War Vets Help Rebuild And Revitalize A Baltimore Neighborhood

I'm really glad to see this -- but also ashamed and infuriated that here in America, we have so many neighborhoods not much different from war-torn countries. This LA Times story is still inspiring, though [via Cabdrollery]:

Earl Johnson's boots crunch broken glass from liquor bottles as he walks down an alley in East Baltimore's Oliver neighborhood.

He is just blocks from the site of the firebombing of a family who called the police on drug dealers and were killed for it, and just yards from some of the most memorable scenes of urban decay in television's "The Wire."

At his side are Rich Blake, 32, a Marine Corps veteran; and Jeremy Johnson, 34, a Navy veteran. Like Earl (no relation to Jeremy), they are on a different kind of mission.

They've come to this neighborhood once synonymous with the worst of Baltimore to help it become something better. They call this mission Operation Oliver.

As the men walk, they pick up empty Seagram's gin and Bacardi rum bottles. They point to progress — refurbished homes, a painted playground — and to vacant houses and trash-filled alleys that still need work.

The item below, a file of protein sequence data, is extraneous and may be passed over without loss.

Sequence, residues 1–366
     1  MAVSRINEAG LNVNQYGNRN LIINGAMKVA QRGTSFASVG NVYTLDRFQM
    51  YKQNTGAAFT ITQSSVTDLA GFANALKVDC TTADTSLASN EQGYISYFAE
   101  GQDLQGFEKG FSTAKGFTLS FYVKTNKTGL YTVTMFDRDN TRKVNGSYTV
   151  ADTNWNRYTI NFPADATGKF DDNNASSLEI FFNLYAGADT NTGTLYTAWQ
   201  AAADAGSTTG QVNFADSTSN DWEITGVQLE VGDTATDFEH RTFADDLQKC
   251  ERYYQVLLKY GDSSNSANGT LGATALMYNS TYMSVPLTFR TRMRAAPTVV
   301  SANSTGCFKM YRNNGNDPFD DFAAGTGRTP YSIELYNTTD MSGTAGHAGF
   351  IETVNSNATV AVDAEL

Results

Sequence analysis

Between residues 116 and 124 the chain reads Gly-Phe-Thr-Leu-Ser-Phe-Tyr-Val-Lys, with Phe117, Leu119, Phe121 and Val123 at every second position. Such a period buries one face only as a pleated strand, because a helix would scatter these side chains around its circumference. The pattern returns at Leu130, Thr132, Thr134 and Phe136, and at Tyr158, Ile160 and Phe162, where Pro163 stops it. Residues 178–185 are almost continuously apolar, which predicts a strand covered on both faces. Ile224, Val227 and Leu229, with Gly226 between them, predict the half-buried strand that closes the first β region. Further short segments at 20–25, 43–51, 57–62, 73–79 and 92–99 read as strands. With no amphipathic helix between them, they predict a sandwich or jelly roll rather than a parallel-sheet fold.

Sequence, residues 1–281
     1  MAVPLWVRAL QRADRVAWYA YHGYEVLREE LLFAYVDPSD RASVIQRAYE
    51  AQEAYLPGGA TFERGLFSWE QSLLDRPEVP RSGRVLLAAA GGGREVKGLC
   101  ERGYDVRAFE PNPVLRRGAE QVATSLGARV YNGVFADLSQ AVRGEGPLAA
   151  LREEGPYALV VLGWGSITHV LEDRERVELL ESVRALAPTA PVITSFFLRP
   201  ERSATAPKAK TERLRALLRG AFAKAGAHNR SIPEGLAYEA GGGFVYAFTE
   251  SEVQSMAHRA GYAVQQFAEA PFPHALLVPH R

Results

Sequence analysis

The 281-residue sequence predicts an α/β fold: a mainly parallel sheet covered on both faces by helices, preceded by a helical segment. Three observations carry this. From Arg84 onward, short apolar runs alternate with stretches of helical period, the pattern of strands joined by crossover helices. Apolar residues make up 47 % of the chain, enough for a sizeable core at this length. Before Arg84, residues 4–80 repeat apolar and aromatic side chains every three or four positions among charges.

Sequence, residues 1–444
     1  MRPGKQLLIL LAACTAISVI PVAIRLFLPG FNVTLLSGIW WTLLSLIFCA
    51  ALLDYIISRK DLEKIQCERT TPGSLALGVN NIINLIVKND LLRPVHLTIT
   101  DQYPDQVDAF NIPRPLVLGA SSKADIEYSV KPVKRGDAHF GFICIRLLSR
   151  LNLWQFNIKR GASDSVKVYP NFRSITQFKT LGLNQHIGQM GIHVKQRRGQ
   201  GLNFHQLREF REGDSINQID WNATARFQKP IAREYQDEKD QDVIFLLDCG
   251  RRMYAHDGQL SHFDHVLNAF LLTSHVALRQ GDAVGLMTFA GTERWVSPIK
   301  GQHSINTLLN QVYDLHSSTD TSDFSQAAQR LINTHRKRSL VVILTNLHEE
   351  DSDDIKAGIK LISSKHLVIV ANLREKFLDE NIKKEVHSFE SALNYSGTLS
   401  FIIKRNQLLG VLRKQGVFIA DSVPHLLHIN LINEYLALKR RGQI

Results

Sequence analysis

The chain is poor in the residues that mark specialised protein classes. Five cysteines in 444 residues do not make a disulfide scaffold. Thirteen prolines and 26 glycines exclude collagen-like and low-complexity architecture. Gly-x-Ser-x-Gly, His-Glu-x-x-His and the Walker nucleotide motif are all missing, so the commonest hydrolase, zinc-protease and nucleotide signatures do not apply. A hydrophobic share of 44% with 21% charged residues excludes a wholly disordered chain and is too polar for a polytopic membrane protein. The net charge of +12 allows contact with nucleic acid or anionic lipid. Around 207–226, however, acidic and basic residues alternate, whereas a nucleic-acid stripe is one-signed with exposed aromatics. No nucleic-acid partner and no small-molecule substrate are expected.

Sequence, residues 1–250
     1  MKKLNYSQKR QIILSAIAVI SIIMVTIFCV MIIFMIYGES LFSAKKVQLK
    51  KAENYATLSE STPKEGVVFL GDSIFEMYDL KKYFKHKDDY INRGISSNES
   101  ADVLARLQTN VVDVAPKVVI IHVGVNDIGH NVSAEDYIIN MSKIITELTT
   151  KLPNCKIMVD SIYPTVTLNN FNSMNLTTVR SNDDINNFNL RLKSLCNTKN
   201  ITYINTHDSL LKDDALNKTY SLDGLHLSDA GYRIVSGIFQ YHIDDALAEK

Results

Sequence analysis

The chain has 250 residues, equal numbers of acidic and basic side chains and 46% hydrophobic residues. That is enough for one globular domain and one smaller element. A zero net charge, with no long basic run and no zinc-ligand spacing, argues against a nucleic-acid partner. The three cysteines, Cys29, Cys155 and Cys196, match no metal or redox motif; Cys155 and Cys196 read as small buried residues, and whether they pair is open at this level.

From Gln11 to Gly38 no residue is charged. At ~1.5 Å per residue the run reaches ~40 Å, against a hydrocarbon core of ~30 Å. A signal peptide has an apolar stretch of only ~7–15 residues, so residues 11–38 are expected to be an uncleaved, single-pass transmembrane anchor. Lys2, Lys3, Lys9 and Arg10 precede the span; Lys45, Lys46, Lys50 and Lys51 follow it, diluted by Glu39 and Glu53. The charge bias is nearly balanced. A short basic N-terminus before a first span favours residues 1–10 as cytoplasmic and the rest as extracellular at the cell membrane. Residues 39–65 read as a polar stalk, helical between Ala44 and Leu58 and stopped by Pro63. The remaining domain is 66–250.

"A lot of the conditions from places we're deployed to, Iraq and Afghanistan, are not that much different from the conditions here in Oliver," says Blake, executive director of the 6th Branch, one of several nonprofit groups involved in Operation Oliver.

"We're not afraid to dig in and make a difference in a community that's got a bad reputation in the city," Blake says. "The discipline, the go-get-'em, let's-do-this-now, aggressive attitude — it really lends itself to community service in a way traditional organizations haven't been able to do."

Operation Oliver, which began in July, is a one-year commitment to the neighborhood, the veterans say. It involves cleaning up alleys, rehabilitating homes, organizing volunteers and notifying police about illegal dumping sites and drug dealing.

To say the idea has caught on would be an understatement. Word of the intensive yearlong service project has spread throughout Maryland — and the nation.


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